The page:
For a long time last the Standard Chartered Visa card was one of the few “last man standing” as one after another banks suspended their Visa and MasterCards due to the biting forex shortages. As of July last year a few Stan Chart Visa cards were still working on the now increasingly ludicrous 1:1 principle under which the delusional monetary authorities told everyone RTGS balances were equal to actual USD in your hand.
After suspending their cards, most banks like NMB resurrected them and removed previous limits. The catch? Well now you had to bring your USD, actual USD and deposit it into your bank account. You could then make transactions as high as $10 000 using the Debit Visa as long as you did not exceed the amount you had deposited.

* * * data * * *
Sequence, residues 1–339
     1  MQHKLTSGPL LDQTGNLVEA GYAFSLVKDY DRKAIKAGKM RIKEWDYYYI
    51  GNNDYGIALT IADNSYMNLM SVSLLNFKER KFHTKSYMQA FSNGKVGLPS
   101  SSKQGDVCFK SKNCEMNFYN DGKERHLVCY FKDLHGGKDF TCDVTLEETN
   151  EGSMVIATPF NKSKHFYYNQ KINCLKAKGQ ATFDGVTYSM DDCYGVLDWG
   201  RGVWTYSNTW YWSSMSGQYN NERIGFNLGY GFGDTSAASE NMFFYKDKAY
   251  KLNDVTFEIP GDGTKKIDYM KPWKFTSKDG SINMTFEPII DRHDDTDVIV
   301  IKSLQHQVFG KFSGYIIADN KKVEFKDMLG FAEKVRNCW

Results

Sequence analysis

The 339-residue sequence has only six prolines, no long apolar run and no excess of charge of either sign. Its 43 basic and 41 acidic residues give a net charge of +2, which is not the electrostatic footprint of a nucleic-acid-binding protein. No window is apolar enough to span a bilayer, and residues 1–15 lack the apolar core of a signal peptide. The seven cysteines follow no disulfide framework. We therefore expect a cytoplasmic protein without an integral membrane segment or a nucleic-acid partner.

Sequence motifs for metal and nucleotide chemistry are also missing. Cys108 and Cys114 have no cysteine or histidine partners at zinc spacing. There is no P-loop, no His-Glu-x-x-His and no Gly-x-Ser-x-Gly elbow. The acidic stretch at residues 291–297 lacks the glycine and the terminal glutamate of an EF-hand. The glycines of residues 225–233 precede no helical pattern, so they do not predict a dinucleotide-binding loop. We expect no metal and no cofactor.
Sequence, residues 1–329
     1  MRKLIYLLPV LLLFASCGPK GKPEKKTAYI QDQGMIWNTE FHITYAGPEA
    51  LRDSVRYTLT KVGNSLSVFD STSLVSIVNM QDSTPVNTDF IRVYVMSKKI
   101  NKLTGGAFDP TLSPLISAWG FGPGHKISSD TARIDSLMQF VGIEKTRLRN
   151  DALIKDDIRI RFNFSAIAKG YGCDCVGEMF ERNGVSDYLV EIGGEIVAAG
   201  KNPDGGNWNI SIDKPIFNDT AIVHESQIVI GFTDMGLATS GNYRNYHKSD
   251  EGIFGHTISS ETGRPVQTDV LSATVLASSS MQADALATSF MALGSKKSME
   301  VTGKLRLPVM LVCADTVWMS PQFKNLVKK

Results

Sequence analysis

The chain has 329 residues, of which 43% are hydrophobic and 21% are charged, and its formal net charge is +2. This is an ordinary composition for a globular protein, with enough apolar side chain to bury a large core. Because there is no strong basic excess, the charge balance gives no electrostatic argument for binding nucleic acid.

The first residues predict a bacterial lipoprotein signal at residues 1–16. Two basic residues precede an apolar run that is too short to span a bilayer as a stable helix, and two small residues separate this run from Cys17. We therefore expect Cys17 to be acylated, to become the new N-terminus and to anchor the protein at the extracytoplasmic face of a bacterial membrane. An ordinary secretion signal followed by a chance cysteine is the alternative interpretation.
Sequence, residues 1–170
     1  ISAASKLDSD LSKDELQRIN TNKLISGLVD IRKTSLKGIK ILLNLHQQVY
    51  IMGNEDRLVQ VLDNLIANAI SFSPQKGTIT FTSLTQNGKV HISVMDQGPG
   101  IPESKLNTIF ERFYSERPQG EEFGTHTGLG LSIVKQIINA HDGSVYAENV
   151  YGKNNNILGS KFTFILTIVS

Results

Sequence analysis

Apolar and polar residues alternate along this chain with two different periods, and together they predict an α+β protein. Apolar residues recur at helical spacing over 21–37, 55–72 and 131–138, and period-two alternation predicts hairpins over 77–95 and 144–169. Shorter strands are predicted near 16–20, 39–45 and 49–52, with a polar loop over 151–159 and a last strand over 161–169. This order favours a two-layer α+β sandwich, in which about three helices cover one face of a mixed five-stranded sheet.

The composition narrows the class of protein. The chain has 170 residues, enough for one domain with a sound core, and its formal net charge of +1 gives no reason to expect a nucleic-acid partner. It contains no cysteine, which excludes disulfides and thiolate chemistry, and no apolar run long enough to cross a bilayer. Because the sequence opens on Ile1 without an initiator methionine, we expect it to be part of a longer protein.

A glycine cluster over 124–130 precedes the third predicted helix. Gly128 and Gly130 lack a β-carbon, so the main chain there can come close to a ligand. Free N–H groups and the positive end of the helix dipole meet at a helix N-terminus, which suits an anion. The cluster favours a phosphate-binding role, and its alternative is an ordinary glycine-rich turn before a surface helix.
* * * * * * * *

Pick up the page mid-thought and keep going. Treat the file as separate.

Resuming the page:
Ever since the Finance Minister ordered banks to separate FCA Nostro and FCA RTGS the StanChart Visa has essentially been dead. Now StanChart too have resurrected their card and joined the pre-funding club. You can now prefund you card by making real forex deposits with the bank and you can go crazy swiping and making online payments to your heart’s content.
Yesterday evening Standard Chartered sent the following message to customers:
Paying for Air tickets, DSTV, ACCA, Hotels, University, Uber and Airbnb are a breeze once you prefund your Standard Chartered debit card. Contact us today!
The perfect hook
The message seems perfectly crafted to suit the frequent needs of people who want these sort of cards. Most airlines now no longer accept bond notes, ACCA has always been paid using British Pound Sterling and other services have always required a card capable of making international payments. It seems like FBC, StandChart is keen to attract these customers into their Visa fold.
Quick NetOne, Telecel, Africom, Econet Airtime Recharge
Bond Notes are a currency of notes backed by a bond that the Zimbabwe government announced on 4 May 2016 by Reserve Bank of Zimbabwe (RBZ) governor John Mangudya. The $2 denomination of the notes was finally introduced on 28 November 2016. More notes were... Read More About Bond Notes